Niles community group seeks to support students with mentors, minority teachers
Published 8:35 am Tuesday, February 11, 2020
NILES — HOPE’s mission is in its acronym: Helping Our People Evolve.
The Niles community group seeks to positively affect people individually through advancements in education, spirituality and civic affairs.
The group was founded in 2018, and this year, the group hopes to make a big impact on many children in Niles. In cooperation with Niles Community Schools, the group hopes to create a mentorship program in the high school and hire more minority teachers districtwide.
Diverse teachers, stronger student body
“A lot of the adults in Niles, they don’t even know that they have a deficiency in minority teachers, so we’re putting this on the front burner,” said HOPE co-founder Doug Freeman. “Also, they don’t know the impact it has on the entire student body.”
Niles Community Schools educates students from an array of ethnic and racial backgrounds, said school board president Dana Daniels. He said having a teaching composition that reflects the ethnic and racial background of students is important. The ethnic and racial composition of the school district was not provided.
When minority students have minority teachers, test scores and attendance have been shown to go up while suspensions go down, according to national research group Brookings Institute.
The percentage of nonwhite teachers in the Niles district is far lower than the percentage of nonwhite students. The challenge, Daniels said, is finding nonwhite teachers in the first place.
The Michigan Department of Education found that of 95,253 teachers in Michigan from 2016 to 2017, 91.6 percent were non-Hispanic/Latino or white. Black teachers made up 5.9 percent of the population, while Hispanic and Latino teachers made up 1.2 percent.
That issue stems from few minority college students pursuing a teacher career, Daniels said. The education department found that the number of students receiving teaching degrees fell across all racial and ethnic categories over the past few years. The number of minority students pursuing such degrees in 2017 was better than the percentage of current minority teachers — 17 percent versus 8.4 percent.
Daniels said that there is competition across many Michigan school districts to hire the few hundred minority teaching graduates each year. Many school districts wish to diversify their staff.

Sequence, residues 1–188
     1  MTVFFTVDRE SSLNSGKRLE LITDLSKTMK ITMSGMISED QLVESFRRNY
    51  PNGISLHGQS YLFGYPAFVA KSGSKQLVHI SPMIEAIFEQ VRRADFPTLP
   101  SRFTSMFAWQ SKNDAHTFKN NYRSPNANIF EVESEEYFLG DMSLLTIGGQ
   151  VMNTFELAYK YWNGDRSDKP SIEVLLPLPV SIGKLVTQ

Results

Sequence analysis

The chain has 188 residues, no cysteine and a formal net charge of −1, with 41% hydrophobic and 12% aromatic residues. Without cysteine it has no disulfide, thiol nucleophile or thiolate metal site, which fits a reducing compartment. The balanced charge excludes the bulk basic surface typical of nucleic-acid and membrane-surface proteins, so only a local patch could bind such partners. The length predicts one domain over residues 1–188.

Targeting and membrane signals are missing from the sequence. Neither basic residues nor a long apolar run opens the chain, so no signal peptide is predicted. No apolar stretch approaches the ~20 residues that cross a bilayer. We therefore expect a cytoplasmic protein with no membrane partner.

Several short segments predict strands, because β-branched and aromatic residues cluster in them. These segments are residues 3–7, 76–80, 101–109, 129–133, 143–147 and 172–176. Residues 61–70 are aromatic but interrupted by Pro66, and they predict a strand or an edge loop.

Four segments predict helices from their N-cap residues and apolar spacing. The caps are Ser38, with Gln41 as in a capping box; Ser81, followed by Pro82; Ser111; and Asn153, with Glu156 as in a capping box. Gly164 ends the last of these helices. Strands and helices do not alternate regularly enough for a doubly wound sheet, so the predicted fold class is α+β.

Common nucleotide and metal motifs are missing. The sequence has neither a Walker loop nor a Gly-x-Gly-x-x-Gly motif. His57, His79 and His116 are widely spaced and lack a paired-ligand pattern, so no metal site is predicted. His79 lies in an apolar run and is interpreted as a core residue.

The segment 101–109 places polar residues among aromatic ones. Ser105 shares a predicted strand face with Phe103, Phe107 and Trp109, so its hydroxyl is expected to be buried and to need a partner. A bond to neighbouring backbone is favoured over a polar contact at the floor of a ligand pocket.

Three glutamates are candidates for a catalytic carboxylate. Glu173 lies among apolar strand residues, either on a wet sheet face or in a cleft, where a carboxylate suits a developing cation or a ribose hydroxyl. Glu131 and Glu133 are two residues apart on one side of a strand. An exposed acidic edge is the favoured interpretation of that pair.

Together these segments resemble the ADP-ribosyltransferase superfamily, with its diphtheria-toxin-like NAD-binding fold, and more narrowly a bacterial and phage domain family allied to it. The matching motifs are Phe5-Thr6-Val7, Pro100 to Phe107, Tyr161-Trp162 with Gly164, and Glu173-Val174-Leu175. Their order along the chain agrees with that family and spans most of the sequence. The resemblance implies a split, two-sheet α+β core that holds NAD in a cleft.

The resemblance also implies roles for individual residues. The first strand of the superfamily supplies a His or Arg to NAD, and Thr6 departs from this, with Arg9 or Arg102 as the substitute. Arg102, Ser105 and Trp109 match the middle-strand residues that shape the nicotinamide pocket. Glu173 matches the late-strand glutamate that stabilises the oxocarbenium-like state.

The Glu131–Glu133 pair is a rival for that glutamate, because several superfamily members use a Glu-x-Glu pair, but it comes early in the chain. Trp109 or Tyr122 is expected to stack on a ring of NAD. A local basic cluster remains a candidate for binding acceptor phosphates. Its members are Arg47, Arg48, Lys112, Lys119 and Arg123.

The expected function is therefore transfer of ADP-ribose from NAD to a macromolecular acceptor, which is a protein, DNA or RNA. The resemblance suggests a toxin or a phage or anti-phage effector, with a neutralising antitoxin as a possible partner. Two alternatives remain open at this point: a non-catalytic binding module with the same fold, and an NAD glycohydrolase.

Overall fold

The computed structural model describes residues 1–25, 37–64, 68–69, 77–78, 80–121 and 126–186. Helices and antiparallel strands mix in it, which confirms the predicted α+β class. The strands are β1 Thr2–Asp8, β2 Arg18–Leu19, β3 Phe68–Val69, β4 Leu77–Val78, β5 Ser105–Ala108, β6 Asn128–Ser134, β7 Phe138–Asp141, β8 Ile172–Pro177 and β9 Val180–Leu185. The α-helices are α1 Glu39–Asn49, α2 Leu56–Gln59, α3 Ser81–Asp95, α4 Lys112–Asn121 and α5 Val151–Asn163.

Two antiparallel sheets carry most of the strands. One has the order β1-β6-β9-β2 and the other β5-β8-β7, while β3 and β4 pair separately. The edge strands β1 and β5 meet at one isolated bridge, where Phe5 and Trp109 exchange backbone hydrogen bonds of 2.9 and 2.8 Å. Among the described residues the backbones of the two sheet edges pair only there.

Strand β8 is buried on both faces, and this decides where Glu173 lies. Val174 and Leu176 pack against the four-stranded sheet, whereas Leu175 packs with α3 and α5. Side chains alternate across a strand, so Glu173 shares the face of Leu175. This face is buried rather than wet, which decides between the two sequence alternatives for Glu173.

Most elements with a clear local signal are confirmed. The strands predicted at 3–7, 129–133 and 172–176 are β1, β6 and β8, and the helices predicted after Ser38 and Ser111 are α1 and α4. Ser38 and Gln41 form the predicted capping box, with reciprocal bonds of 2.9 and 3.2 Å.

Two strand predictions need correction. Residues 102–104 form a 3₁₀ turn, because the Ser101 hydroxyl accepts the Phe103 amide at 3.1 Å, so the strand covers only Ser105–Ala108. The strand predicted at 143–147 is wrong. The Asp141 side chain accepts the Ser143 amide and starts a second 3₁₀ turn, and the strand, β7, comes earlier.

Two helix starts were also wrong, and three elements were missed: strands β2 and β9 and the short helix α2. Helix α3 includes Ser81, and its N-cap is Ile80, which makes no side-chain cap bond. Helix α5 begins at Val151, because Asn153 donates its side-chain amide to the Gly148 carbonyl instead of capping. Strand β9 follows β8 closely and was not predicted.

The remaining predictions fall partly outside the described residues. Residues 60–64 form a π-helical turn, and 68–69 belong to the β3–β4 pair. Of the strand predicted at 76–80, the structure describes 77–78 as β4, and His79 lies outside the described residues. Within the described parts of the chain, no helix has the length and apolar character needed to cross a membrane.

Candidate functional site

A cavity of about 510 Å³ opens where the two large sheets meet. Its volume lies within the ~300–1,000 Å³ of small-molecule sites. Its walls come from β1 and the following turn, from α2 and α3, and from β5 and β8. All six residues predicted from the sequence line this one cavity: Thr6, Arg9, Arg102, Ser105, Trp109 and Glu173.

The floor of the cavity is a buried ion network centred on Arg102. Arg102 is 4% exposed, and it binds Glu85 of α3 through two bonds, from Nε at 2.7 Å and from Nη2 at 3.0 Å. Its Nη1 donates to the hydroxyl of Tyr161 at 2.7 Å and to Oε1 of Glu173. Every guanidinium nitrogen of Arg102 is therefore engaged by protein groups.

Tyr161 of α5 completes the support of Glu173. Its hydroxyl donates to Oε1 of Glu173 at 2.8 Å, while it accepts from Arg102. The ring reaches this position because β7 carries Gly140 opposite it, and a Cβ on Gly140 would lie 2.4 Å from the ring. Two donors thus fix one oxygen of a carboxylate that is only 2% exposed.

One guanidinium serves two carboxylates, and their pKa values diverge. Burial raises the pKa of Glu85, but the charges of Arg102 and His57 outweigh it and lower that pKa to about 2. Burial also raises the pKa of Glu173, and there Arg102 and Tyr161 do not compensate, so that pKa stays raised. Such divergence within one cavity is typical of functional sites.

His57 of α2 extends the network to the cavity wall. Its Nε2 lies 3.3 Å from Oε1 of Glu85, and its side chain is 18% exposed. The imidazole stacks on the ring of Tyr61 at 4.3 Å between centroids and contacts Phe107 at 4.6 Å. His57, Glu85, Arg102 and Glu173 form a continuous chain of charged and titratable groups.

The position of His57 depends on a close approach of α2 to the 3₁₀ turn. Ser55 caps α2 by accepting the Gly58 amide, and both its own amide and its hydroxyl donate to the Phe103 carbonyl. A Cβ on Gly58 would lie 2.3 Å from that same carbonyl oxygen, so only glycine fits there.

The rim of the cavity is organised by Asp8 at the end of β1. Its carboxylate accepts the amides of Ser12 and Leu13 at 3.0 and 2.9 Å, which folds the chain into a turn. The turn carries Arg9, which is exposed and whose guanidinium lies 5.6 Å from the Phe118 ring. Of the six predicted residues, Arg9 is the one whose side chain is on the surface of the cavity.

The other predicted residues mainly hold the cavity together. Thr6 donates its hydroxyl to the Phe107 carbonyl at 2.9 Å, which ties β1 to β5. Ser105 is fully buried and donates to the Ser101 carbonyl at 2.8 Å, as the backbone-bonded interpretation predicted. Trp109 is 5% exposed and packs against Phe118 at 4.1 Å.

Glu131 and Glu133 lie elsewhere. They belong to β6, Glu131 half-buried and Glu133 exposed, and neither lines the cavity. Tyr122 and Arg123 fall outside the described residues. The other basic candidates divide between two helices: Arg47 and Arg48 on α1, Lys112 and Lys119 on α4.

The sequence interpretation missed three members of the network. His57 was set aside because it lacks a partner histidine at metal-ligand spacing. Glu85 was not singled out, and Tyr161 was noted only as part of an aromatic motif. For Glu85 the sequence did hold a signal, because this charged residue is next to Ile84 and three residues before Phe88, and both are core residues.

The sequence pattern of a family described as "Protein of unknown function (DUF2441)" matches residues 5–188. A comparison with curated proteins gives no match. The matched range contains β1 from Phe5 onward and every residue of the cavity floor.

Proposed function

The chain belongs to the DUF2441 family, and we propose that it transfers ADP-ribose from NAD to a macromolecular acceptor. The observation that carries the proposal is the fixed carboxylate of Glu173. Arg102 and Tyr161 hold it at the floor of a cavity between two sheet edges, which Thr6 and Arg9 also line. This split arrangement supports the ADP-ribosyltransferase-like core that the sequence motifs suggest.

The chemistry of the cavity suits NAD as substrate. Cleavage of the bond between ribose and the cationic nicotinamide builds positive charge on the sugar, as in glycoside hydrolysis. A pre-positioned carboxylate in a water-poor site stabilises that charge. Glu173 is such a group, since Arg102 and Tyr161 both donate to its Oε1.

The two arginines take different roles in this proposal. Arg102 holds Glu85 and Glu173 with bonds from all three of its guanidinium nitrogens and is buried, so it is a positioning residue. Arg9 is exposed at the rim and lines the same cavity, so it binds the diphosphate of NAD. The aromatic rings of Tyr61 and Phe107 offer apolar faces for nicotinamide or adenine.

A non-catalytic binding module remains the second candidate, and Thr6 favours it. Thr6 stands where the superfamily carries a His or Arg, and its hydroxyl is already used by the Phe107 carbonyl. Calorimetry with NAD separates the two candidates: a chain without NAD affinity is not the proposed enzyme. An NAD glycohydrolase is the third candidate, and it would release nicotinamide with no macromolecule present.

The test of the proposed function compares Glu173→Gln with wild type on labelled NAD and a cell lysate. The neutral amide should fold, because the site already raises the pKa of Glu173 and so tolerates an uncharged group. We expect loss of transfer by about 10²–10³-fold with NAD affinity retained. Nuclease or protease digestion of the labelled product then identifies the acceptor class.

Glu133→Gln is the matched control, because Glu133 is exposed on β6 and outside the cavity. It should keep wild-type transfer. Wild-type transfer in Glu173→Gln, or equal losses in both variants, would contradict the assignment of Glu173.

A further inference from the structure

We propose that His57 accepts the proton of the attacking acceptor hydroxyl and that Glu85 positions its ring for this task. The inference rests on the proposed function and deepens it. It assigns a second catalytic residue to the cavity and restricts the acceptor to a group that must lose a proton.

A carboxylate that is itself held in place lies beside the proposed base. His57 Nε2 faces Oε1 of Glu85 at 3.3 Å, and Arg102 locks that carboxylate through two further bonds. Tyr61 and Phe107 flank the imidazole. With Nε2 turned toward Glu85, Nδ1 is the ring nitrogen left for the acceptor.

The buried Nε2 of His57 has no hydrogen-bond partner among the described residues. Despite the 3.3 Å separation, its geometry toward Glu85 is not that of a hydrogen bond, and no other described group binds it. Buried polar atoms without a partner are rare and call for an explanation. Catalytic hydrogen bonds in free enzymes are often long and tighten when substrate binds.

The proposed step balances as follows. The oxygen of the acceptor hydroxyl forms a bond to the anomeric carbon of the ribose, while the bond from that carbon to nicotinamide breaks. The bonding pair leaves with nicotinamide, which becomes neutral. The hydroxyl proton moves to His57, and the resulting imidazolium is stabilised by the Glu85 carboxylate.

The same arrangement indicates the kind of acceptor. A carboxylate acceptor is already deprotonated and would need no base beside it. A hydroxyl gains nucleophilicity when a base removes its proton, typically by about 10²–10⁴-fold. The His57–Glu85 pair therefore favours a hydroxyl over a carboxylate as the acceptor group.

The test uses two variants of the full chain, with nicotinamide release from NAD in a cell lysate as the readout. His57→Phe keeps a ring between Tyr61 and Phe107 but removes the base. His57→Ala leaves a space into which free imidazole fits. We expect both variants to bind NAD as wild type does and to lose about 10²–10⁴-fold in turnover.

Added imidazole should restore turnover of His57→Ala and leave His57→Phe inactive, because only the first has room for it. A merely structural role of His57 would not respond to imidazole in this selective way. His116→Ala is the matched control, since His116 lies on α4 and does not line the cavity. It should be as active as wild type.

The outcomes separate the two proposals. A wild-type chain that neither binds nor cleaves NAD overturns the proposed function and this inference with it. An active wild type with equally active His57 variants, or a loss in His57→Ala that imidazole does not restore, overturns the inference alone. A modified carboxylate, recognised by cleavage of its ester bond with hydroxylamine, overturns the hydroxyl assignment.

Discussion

To help, HOPE has stepped in, encouraging the Niles school district to attend recruitment events at colleges and universities that have a diverse student population. HOPE members plan to come along to future events, where they will emphasize the school district’s benefits as well as its diverse student body.
“They’ve also branched [out] to people they know of are educators that might want to come to Niles or go back to Niles,” said Superintendent Dan Applegate. “Their networking abilities have really helped us.”
The school district knew hiring diverse teachers was important, he said. HOPE encouraged them to make a concerted effort.
Mentorship at a personal level
As HOPE prepares to help the Niles school district recruit a more diverse field of teacher applicants, it is also helping Niles High School create a mentorship program for the 2020-2021 school year.
Mentors approved and screened by the district would visit with select students during lunch, sharing a meal and speaking to them.
The mentorship would not be rooted in academic tutoring, Daniels said. Rather, it would be rooted in personal connections.
“This is not a situation where we’re going to solve any situation every problem that child has,” Daniels said. “You’re going to show that child somebody cares. You know what? That just changes things tremendously for some of these kids.”
Daniels has seen mentorship’s impact firsthand. He mentored two students, and by speaking with them about their triumphs and struggles, their grades improved.
A student may find better mental health, energy and positivity by having someone to let them know they are cared for, HOPE members added.
At a monthly HOPE meeting last Friday, members shared their opinions on ways to better a mentorship program. Some wanted it at the district’s elementary schools. Others wanted to emphasize that the program would not just be about grades.
“It’s one thing to say, ‘I’ve been through that.’ It’s another thing to say, ‘I’ve been through that, and here’s what I did to get out of it,’” said Niles resident Sherman Drew.
Freeman suggested bringing children in on the conversation.
“They know a lot more than we do of what is lacking,” he said.
The next step for HOPE is to create a committee to directly help the school district with its program, Freeman said. The next step for the school district is to identify mentors, Daniels said.